You should also avoid words that have more than one spelling if your visitors are likely to be confused and mistype the name. Alternately, you can buy both versions of the name and direct visitors from the one you like less to the preferred name. While you do want a short name (see below), don’t go for something so cryptic that people have a hard time remembering it. Word of mouth is a powerful marketing tool and you want to make it easy for people to tell their friends about your site.
Most people assume a domain name ends in .com so if you buy a domain name with one of the other extensions (.net, .info, .org, etc.), you’ll have some extra work to get people to remember that your site has a different extension. Don’t automatically assume you should only buy domains with .com, though. Many sites have done quite well with other extensions. (Look at us!)
You'll receive a WhoisGuard subscription absolutely FREE with every eligible domain registration or transfer. WhoisGuard subscription expiration is based on purchase date rather than activation date. WhoisGuard provides subscription pursuant to its Services Agreement with Namecheap. Terms and conditions apply. Visit the WhoisGuard page for details.
The Internet Corporation for Assigned Names and Numbers (ICANN) is the organization that governs the rules and regulations for domain name registrations. ICANN requires, for various reasons including to determine ownership of a domain should a dispute transpire, that a publicly accessible database be maintained that contains the contact information of all domain registrants. In layman's terms this means your domain name will be searchable by anyone and those search results will include your full name, physical address and other contact information. In order to protect your privacy in this regard, Domain.com offers WHOIS Domain Privacy which then masks your information using our own and implements a procedure for you to control who is able to then gain access to your contact information via a WHOIS search. Whenever you buy a domain name, no matter what domain name registration service you use, you are subject to the same ICANN rules, for this reason it is important to use a reputable service who cares about your privacy. Domain.com always recommends enabling WHOIS Domain Privacy.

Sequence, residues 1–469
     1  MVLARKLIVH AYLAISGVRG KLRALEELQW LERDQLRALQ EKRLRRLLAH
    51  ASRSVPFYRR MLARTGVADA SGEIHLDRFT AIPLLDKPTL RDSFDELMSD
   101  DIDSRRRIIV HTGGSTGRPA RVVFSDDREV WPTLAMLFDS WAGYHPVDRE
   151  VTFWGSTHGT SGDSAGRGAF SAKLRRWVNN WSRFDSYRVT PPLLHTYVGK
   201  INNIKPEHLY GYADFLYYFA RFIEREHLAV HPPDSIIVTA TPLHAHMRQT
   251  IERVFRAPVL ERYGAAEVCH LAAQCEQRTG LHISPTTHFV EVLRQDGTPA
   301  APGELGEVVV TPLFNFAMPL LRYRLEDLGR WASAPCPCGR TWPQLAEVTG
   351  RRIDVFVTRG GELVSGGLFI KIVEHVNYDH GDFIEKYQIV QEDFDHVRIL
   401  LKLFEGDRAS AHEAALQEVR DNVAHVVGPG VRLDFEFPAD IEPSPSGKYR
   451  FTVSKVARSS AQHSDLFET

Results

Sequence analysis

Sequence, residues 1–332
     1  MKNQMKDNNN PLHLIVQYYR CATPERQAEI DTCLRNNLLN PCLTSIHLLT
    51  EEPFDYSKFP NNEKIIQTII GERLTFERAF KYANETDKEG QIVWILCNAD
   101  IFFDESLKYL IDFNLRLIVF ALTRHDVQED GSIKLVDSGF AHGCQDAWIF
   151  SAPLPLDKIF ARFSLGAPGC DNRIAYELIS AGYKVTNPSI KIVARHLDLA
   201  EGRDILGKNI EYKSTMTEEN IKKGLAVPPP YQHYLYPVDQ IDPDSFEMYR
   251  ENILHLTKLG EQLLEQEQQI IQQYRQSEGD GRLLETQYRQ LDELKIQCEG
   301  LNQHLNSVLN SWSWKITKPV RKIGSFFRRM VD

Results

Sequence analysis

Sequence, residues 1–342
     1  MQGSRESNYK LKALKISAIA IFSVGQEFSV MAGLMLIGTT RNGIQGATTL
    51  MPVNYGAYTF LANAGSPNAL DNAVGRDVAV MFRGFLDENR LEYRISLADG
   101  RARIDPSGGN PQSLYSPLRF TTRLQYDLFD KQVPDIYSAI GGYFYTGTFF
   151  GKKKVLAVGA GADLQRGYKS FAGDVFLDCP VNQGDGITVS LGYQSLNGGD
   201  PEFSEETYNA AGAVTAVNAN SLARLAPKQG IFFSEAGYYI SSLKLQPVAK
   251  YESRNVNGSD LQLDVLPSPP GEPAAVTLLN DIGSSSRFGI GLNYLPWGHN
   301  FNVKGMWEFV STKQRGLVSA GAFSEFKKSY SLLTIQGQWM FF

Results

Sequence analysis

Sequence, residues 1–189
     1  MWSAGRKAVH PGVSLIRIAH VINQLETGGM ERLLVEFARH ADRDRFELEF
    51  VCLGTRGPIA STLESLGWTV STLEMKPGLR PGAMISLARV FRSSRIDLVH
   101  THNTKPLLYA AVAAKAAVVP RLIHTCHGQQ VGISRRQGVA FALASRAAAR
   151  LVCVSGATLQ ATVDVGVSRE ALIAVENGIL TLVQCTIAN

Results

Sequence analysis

A great domain name is a concise, easy to type, and memorable URL that reflects your brand or your website’s subject matter. Avoid using hyphens, strings of numbers, or unnecessary words to make it easy for your visitors to remember and find your website. Remember: A great domain name is one that your visitors can type correctly on their first try.
When looking up a bare name in DNS, the network stack will add the search domains to it to form fully qualified domain names, and look up those as well.[8] For example, if the domain search list contains "wikipedia.org", typing "en" in the browser will direct the user to "en.wikipedia.org". Some ISPs add their own search domains via DHCP settings, similar to how they add DNS servers and other networking information; if this is undesired, the user can change this setting to ".local".
A great domain name is a concise, easy to type, and memorable URL that reflects your brand or your website’s subject matter. Avoid using hyphens, strings of numbers, or unnecessary words to make it easy for your visitors to remember and find your website. Remember: A great domain name is one that your visitors can type correctly on their first try.

Most people assume a domain name ends in .com so if you buy a domain name with one of the other extensions (.net, .info, .org, etc.), you’ll have some extra work to get people to remember that your site has a different extension. Don’t automatically assume you should only buy domains with .com, though. Many sites have done quite well with other extensions. (Look at us!)


By definition, a domain name is simply a human readable form of an IP address. In function it is the destination that you type into a web browser in order to visit a website, such a www.google.com. Metaphorically, it is very similar to how you would scroll to a contact in your cell phone rather than manually dialing the person by entering their full phone number; the phone number would be an IP address and the saved contact would be a domain name. Always buy a domain with a reputable domain registrar.